By contrast, those who think the internet is a bad thing for society gave a wider range of reasons for their opinions, with no single issue standing out. The most common theme (mentioned by 25% of these respondents) was that the internet isolates people from each other or encourages them to spend too much time with their devices. These responses also included references to the spread and prevalence of fake news or other types of false information: 16% mentioned this issue. Some 14% of those who think the internet’s impact is negative cited specific concerns about its effect on children, while 13% argued that it encourages illegal activity. A small share (5%) expressed privacy concerns or worries about sensitive personal information being available online.
One-in-five Americans are now ‘smartphone only’ internet users at home
These attitudinal changes are occurring in a broader landscape in which the access options available to ordinary Americans are shifting dramatically. Most notably, fully one-in-five Americans (20%) are now “smartphone only” internet users at home – that is, they own a smartphone but do not subscribe to traditional broadband service where they live. This represents a 7-point increase compared with data from 2015, when 13% of Americans were smartphone-only users. Roughly two-thirds of Americans (65%) say they subscribe to traditional broadband service at home, similar to the 67% who said this in July 2015.1
As has consistently been true in past surveys conducted by the Center, those who rely on their smartphones for home internet service are disproportionately less likely to have attended college compared with those with traditional broadband service. They also report living in lower-income households. For instance, 31% of Americans with an annual household income of less than $30,000 are smartphone-only internet users, more than three times the share among those living in households earning $75,000 or more per year (9%). This phenomenon is also notably more prevalent among blacks and Hispanics than among whites.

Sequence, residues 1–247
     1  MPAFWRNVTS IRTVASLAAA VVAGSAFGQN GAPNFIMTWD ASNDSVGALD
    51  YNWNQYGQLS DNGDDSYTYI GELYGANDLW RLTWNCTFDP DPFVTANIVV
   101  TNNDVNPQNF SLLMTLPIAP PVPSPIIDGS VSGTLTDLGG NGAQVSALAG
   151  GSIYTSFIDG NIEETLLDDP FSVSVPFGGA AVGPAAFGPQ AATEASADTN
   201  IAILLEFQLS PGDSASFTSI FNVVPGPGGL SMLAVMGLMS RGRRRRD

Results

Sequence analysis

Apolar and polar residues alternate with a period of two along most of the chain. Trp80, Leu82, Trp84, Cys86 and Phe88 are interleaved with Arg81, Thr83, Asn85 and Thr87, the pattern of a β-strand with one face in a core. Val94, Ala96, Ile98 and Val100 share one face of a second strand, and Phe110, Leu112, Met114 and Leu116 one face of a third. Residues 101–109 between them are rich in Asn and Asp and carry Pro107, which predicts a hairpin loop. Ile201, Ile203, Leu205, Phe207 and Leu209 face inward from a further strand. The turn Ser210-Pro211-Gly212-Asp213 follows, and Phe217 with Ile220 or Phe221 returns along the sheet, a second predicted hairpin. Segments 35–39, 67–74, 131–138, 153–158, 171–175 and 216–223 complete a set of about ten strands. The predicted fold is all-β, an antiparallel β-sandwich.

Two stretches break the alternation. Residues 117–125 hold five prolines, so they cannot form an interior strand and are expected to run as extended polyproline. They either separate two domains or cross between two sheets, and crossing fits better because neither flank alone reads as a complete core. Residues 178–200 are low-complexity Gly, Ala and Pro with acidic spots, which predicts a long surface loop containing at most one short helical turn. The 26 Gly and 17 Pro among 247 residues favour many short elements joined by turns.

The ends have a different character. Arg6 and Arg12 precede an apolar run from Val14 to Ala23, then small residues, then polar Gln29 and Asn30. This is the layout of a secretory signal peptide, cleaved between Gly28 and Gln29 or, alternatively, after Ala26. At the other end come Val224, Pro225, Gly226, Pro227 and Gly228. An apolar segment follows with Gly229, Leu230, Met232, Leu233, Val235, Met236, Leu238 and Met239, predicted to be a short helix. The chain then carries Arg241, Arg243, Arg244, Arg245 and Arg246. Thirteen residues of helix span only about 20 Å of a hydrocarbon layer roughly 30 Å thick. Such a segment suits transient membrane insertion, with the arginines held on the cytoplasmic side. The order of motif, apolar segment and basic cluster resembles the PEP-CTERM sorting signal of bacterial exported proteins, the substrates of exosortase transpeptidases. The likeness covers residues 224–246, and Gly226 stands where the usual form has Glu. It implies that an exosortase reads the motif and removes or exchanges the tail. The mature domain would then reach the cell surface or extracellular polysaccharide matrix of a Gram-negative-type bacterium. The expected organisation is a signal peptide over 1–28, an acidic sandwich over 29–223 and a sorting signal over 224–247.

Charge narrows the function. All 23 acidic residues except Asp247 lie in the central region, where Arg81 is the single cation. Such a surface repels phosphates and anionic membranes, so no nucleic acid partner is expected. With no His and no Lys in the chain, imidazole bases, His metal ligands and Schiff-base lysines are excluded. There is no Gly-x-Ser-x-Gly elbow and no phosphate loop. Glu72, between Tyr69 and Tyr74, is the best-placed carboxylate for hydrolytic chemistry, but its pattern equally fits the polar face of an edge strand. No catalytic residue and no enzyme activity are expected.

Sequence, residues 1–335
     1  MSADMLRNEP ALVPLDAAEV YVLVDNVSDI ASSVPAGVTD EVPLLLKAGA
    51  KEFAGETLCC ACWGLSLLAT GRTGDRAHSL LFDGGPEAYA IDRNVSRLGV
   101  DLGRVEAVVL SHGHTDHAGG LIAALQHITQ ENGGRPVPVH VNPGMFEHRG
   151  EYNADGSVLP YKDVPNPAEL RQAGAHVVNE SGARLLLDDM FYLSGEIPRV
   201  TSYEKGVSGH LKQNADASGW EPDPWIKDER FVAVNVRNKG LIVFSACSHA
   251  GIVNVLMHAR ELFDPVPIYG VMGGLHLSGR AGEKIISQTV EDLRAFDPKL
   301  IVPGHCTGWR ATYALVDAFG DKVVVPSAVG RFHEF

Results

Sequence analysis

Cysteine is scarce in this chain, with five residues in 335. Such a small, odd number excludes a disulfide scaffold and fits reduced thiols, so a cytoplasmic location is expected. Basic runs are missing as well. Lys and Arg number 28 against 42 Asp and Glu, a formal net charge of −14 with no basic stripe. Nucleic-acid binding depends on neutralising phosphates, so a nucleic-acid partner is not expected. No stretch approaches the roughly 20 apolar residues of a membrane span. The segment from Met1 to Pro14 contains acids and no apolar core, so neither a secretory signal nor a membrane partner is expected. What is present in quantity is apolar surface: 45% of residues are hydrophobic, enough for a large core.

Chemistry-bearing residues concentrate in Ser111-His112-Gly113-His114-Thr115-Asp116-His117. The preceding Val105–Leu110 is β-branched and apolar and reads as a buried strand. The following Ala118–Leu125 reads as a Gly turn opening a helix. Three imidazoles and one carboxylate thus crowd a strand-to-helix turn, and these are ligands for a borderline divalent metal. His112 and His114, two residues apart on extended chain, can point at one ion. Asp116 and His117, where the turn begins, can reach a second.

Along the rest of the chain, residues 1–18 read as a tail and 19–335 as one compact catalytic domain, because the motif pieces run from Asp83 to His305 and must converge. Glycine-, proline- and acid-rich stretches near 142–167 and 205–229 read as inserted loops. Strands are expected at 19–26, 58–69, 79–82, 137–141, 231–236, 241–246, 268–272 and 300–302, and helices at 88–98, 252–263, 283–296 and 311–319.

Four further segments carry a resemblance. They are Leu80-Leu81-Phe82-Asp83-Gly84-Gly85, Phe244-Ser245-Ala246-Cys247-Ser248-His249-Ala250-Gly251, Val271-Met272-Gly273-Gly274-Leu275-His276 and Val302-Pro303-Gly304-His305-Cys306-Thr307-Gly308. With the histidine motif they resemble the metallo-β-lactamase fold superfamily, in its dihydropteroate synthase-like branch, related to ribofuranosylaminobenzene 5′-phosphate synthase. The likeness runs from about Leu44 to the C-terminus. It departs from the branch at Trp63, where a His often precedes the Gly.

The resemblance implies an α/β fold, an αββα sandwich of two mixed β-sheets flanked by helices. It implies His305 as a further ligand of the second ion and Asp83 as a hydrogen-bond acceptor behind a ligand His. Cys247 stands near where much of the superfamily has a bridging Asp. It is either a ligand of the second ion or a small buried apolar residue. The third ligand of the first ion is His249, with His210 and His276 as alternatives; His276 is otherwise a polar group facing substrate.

Conversely, relatively well-educated and financially well-off Americans are substantially more likely to say they do have a traditional broadband connection at home. Nearly nine-in-ten Americans in households earning $75,000 or more per year say they subscribe to home broadband service, nearly double the rate among those earning less than $30,000 per year (45% of whom have broadband service at home).
Beyond this growing reliance on smartphones for home internet service in lieu of traditional broadband service, it is also notable that 15% of Americans indicate that they have neither broadband service at home nor a smartphone. A large share of this group is not online at all: 11% of Americans indicate that they do not use the internet or email from any location. In other cases, the share without home broadband or a smartphone represents Americans who go online using other means.
And as was the case with smartphone-only internet usage, those who lack both broadband service and a smartphone are disproportionately likely to be from certain segments of the population. Most notably, 40% of Americans ages 65 and older fall into this category. But this is also true for substantial minorities of rural residents (25%), those who have not attended college (25%) and those from households earning less than $30,000 per year (23%).